Wednesday, April 9

Contemporary Northern Irish Prose

READ: Bernard MacLaverty, "Walking the Dog," Fiona Barr, "The Wall Reader," and Brenda Murphy, "A Social Call" (Blackboard)

Friday, April 11

In-Class Film: Mother Ireland

 

CONTEMPORARY LITERATURE OF THE REPUBLIC

Monday, April 14

Contemporary Irish Poetry

READ: Eavan Boland, Outside History, especially "The Black Lace Fan My Mother Gave Me"; "We Were Neutral in the War"; "The Achill Woman"; "We Are Human History. We Are Not Natural History"; "We Are Always Too Late"; "What We Lost"; and "Outside History"

Wednesday, April 16

Contemporary Irish Poetry

READ: Eavan Boland, Outside History, especially "The Oral Tradition"; "Mise Eire"; "Fever"; "Lace"; "Suburban Woman: A Detail"; "An Irish Childhood in England: 1951"; "The Emigrant Irish"; "Listen. This is the Noise of Myth"; "Daphne With Her Thighs in Bark"; and "The Woman Turns Herself into a Fish"

Friday, April 18

Contemporary Irish Poetry

Finish Eavan Boland and discuss Nuala Ní Dhomhnaill

Read: Boland (assorted class handouts) and Nuala Ní Dhomhnaill: Selected Poems and "Why I Choose to Write in Irish: The Corpse that Sits Up and Talks Back" (on Blackboard)

 

Monday, April 21

Contemporary Irish Drama

READ: Martin McDonagh, The Lieutenant of Inishmore

Wednesday, April 23

READ: Martin McDonagh, The Lieutenant of Inishmore

Friday, April 25

Paper 3 Rough Draft Workshop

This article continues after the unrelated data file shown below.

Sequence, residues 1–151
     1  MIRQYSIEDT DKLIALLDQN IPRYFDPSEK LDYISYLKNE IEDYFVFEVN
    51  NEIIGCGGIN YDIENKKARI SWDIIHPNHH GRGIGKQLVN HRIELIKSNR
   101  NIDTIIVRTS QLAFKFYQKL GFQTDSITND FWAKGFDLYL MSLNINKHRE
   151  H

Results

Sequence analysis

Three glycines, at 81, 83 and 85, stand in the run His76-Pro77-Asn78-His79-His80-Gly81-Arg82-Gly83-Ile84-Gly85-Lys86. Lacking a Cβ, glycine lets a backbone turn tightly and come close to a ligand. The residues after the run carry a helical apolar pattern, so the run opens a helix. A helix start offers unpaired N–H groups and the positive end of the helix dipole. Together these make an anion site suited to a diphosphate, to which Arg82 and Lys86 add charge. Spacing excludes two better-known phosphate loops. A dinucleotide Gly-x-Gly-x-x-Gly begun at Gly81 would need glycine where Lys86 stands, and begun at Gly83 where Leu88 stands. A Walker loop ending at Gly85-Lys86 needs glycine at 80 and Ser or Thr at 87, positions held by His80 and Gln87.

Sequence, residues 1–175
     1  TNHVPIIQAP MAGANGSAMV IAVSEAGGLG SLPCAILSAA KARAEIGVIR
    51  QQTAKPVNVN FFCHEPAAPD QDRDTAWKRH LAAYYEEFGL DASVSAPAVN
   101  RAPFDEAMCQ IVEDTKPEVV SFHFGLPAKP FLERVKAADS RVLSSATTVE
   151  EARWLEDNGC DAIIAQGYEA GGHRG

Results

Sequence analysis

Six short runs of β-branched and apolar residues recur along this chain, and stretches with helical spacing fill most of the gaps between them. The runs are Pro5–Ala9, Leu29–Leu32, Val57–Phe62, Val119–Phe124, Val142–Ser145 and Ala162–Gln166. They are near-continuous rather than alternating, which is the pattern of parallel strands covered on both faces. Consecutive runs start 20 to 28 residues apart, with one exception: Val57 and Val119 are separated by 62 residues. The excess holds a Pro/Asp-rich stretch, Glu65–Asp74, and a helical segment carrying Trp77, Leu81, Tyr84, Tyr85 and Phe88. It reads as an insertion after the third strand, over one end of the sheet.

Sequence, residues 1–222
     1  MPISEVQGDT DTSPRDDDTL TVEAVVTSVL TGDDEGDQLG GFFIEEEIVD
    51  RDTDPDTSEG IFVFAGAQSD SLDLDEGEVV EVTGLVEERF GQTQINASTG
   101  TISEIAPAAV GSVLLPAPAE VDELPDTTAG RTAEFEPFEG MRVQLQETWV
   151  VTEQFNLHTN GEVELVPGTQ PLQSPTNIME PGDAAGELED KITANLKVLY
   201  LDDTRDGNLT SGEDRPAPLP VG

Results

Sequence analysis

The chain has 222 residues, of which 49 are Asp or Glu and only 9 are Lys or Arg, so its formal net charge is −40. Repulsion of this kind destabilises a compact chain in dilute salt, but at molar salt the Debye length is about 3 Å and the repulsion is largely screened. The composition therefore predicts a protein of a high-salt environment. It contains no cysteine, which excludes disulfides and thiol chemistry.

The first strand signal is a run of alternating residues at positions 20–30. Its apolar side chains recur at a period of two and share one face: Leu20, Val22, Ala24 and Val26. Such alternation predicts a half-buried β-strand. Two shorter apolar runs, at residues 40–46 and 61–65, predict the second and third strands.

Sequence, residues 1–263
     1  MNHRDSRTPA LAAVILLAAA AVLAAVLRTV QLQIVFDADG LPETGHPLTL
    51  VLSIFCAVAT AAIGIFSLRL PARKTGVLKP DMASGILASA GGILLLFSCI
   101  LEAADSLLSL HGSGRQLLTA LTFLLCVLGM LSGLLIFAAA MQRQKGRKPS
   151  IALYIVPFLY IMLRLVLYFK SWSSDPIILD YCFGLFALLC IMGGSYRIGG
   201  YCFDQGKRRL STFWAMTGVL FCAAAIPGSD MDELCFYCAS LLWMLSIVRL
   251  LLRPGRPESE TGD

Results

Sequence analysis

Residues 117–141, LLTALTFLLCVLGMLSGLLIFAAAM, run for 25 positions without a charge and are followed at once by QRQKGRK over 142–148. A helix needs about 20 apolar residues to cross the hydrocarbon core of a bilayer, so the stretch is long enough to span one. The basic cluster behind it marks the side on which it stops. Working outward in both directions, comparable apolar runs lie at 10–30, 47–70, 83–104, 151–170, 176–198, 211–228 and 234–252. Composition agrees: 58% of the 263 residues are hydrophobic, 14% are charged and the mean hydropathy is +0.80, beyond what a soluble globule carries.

Monday, April 28

View Martin McDonagh's Six Shooter in class

Conclusions and Evaluations

Paper 3 due via e-mail by midnight, April 30, 2008

ASSIGNMENTS
Papers: (1) two short papers (approximately 5-7 pages), either exploring historical or cultural elements related to the literature we are reading or focusing on your own interpretation of a character, critical problem, crucial passage, or a comparison of various readings; (2) a final essay, approximately 10 pages in length, incorporating researched sources to support an argument about one or more of the works we've read.

Irish 226 is a W2 course, so we will spend extra time on the essays, discussing essay writing strategies, research techniques, citation and documentation, and other relevant topics.  Your grades for essays will include participation in draft workshops and work on revising essays.

Evaluation:

Paper 1 (Feb. 18) -- 20%

Paper 2 (March 26) -- 25%

Paper 3 (April 30) -- 35%

Attendance, Class Participation, Rough Draft Workshops, In-class Writing, and Quizzes-- 20%

**There will be no final exam for this class**

 

Class participation is an important part of your grade for this course. Everyone must participate for a class to work well; excessive absences will lower your grade in this course. When you miss a class, you must contact me or another student in the class to find out what you missed and what assignments might be due. If you accrue more than six unexcused absences, you will receive a grade of F for the course.